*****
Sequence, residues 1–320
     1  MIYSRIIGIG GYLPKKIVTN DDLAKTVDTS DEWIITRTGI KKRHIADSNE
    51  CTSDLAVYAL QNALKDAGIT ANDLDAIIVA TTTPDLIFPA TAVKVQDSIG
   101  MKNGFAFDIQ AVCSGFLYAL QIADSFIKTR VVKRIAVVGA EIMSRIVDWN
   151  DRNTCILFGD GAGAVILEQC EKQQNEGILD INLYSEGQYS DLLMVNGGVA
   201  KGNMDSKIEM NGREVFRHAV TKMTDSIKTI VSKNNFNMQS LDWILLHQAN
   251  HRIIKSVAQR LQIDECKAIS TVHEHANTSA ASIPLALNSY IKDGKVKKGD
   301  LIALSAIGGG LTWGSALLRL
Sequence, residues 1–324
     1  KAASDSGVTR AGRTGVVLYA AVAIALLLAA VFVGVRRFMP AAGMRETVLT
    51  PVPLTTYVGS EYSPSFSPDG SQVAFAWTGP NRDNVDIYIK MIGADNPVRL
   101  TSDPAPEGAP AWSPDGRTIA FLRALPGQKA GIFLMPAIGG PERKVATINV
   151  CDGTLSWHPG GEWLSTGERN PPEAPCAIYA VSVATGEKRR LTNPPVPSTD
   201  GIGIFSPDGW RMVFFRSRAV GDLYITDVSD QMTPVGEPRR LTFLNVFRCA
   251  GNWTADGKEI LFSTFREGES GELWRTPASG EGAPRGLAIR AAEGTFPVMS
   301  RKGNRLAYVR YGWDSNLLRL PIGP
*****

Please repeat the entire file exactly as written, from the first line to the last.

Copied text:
Sequence, residues 1–320
     1  MIYSRIIGIG GYLPKKIVTN DDLAKTVDTS DEWIITRTGI KKRHIADSNE
    51  CTSDLAVYAL QNALKDAGIT ANDLDAIIVA TTTPDLIFPA TAVKVQDSIG
   101  MKNGFAFDIQ AVCSGFLYAL QIADSFIKTR VVKRIAVVGA EIMSRIVDWN
   151  DRNTCILFGD GAGAVILEQC EKQQNEGILD INLYSEGQYS DLLMVNGGVA
   201  KGNMDSKIEM NGREVFRHAV TKMTDSIKTI VSKNNFNMQS LDWILLHQAN
   251  HRIIKSVAQR LQIDECKAIS TVHEHANTSA ASIPLALNSY IKDGKVKKGD
   301  LIALSAIGGG LTWGSALLRL
Sequence, residues 1–324
     1  KAASDSGVTR AGRTGVVLYA AVAIALLLAA VFVGVRRFMP AAGMRETVLT
    51  PVPLTTYVGS EYSPSFSPDG SQVAFAWTGP NRDNVDIYIK MIGADNPVRL
   101  TSDPAPEGAP AWSPDGRTIA FLRALPGQKA GIFLMPAIGG PERKVATINV
   151  CDGTLSWHPG GEWLSTGERN PPEAPCAIYA VSVATGEKRR LTNPPVPSTD
   201  GIGIFSPDGW RMVFFRSRAV GDLYITDVSD QMTPVGEPRR LTFLNVFRCA
   251  GNWTADGKEI LFSTFREGES GELWRTPASG EGAPRGLAIR AAEGTFPVMS
   301  RKGNRLAYVR YGWDSNLLRL PIGP